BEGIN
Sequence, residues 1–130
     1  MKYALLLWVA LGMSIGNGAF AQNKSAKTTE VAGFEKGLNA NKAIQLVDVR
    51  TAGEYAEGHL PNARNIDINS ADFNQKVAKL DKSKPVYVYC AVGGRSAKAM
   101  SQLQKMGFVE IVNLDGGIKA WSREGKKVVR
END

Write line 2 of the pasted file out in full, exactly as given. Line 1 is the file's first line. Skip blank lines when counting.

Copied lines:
     1  MKYALLLWVA LGMSIGNGAF AQNKSAKTTE VAGFEKGLNA NKAIQLVDVR